Gottman said that those who don’t agree with the governor’s executive orders need to call him to express their displeasure.
Barker and Hubler asked for his phone number, and Gottman said he provided that several weeks ago.
Alderman Dorothy Crawford became the first person to agree with the governor’s decisions on shutting down the state.
“I’ve kept my mouth shut, for the last six weeks and I’m kind of done with it,” Crawford said.
“I’d like to remind everyone that the reasons they’re part of the state is and has been and remains a low risk area is because of the stay at home orders that were put in place that stopped the traffic on 57 and across seven days right through here.
“Because, until that was put in place, you could fit on the DPH website and literally watch it travel down the interstate. We got locked down before it got here,” Crawford said.
“I would much rather look back at this and have it appear that we overreacted because no one got it. Then be sitting here, as we thought we were going to do in March.
“Looking back on 2 percent of our city population that (have contracted the disease), we can rebuild businesses. We can’t give people back their parents and their spouses and their children,” she said.
“And the fact that we don’t have to put us in probably the best position we could possibly be in. If you pay attention to what’s happening around the country in Florida in Texas places that have opened, people that have decided to stay at home orders and gathered in large groups, 10-14 days later, you see such massive spikes that 14 days after Texas opens. They saw the single largest daily death toll they’ve had yet,” Crawford said.
“This is not over. I know the businesses are hurting, believe me, we’re all hurting. I know that we have people in this town that cannot pay their rent. I know we have people in this town that can barely afford food. We have people that are about to be kicked out of their homes, I get that. I understand that, but they’re alive.
Without what we’ve had in place from the governor since March 20, a large percentage of them wouldn’t be. And I just wanted to get some perspective on that, because I’ve lost people to this thing all over the country,” Crawford said.
“And I couldn’t stand to watch people that live in this town go the same way my friends have. I mean, the two people that we lost who bad enough; the fact that we’re not missing 150 right now is pretty damn impressive,” she said.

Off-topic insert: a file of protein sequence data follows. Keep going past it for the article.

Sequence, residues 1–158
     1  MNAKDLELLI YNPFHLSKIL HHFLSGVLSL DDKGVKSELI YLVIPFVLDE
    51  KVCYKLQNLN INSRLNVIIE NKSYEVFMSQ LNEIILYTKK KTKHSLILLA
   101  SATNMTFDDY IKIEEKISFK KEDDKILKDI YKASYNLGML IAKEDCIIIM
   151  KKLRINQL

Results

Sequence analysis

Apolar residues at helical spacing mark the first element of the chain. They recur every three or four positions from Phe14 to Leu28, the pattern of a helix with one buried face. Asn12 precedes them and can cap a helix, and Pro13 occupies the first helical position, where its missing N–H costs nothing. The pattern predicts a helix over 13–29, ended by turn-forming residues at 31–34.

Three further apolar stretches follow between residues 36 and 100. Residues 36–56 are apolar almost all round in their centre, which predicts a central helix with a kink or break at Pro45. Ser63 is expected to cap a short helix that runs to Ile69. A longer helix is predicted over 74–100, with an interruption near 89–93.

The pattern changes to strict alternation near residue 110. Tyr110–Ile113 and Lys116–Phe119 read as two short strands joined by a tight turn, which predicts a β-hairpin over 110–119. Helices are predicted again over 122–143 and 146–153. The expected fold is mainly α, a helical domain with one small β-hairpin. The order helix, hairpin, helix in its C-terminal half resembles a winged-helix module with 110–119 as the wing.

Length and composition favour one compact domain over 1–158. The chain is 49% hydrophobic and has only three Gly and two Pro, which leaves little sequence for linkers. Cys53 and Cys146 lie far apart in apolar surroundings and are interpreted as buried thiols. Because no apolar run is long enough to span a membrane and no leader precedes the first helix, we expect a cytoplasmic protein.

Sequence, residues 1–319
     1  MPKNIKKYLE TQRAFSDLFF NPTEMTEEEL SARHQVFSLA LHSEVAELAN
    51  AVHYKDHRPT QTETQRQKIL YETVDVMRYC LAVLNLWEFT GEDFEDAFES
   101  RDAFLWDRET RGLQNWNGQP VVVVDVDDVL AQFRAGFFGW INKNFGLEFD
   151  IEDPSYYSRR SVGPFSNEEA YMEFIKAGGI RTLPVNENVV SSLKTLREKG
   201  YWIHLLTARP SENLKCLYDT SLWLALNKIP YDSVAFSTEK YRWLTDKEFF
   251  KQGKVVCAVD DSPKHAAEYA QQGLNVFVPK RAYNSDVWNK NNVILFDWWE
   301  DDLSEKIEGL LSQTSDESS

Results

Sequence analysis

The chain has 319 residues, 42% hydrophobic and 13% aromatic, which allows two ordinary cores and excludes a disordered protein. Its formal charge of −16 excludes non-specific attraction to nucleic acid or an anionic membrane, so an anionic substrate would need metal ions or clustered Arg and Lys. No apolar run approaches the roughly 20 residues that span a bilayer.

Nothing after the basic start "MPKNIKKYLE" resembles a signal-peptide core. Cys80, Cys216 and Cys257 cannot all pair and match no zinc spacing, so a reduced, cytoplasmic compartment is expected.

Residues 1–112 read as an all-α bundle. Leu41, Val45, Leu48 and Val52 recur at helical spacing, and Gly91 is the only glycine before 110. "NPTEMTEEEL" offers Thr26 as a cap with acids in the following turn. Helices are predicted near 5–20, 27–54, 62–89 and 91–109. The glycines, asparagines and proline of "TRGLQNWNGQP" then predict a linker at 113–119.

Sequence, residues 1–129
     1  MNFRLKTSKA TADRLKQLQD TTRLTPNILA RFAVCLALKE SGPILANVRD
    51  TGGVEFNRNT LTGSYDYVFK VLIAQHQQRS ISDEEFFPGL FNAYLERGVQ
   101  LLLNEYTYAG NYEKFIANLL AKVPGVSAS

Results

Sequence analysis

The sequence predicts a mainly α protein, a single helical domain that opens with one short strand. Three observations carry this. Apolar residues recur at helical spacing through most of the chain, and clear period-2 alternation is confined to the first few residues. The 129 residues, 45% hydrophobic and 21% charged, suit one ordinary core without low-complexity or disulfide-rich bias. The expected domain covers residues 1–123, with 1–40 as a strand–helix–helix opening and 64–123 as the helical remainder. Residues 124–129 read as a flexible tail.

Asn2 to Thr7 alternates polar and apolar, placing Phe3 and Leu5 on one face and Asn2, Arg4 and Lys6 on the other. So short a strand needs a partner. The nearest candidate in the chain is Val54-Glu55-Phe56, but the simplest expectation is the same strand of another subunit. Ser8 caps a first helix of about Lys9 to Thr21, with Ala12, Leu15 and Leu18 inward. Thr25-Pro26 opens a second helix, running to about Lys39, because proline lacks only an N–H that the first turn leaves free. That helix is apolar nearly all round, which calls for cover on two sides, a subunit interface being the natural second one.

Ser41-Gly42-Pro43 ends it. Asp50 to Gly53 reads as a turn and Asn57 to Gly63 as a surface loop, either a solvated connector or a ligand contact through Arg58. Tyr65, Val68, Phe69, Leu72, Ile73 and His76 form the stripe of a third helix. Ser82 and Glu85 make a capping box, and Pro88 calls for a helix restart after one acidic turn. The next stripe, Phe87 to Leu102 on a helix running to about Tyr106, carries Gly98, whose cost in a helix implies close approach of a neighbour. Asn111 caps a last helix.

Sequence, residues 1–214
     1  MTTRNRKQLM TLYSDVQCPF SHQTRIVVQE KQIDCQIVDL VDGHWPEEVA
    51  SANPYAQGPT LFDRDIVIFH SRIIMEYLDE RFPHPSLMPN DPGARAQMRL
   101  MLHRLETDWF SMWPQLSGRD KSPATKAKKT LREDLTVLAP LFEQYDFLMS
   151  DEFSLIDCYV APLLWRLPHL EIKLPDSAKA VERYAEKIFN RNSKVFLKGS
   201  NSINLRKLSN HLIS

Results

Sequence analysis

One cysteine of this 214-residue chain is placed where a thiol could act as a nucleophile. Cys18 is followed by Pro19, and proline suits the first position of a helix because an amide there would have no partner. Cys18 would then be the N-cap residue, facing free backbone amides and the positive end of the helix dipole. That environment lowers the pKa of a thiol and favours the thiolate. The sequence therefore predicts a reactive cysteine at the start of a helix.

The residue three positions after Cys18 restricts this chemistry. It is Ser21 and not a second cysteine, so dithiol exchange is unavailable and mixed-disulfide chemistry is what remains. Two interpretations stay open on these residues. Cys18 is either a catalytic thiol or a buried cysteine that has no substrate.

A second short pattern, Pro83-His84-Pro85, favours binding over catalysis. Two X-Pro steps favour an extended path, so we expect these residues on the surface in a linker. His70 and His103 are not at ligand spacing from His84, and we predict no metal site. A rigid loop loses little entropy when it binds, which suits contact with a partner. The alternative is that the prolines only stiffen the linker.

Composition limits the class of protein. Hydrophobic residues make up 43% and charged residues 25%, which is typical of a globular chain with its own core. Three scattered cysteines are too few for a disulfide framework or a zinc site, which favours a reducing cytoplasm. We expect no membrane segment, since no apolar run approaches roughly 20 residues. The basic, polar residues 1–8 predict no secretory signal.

Also at the meeting:
• The council approved the hiring of Andy Vaughan as the city’s building and zoning official.
Vaughan succeeds Dan Barenfanger, who will be retiring.
Vaughan will be paid a salary of $20.50 for the part-time position. He will work up to 1,000 hours annually.
• The council voted 7-1 to move Danielle Payne, an employee in the city clerk’s office, from part-time status to full-time, with Alderman Mike Hobler casting the dissenting vote.
Hobler said that he didn’t feel it was a good idea, based on what’s going on with the pandemic, to add more expenses, including salary and benefits.
City Clerk Peggy Bowen said that Payne has been working in her office for about three years and has gained valuable experience during that time.
Aldermen Russ Stunkel and Steve Barker gave the same argument in agreeing with Bowen.
• The council approved the hiring of Jeff Storey as a water plant operator.
• The council voted to approved the request to extend the city’s Tax Increment Financing agreement with Witness Distillery owners Rick and Cindy Radliff until Sept. 2.
The Radliffs cited delays such as the delivery and installation of a range exhaust hood for Blind Society and a delay in workers being able to come in to install an elevator lift.
• The council voted to accept ownership of the Greater Fayette County Chamber of Commerce’s electronic signboard on the Tourist Information Center property.
Alderman Bret Brosman asked who would have the responsibility of programming the messages on the signboard, and Gottman said that it will City Administrator LaTisha Paslay and Tourism Director Jessica Hampton, and that the city is working on a fee structure for messages.
• The council accepted the bids totaling $23,029 from Clay Chandler for sidewalk improvements at Edwards and Seventh streets, Tower and Eighth streets (north and south), and St. Louis Avenue and Fifth Street.
• The council approved the transfer of Vandalia Lake lot No. 23 from Tim and Sherry Dunahee of Vandalia to Dorcas Thompson of Brighton.

 

Leave a Comment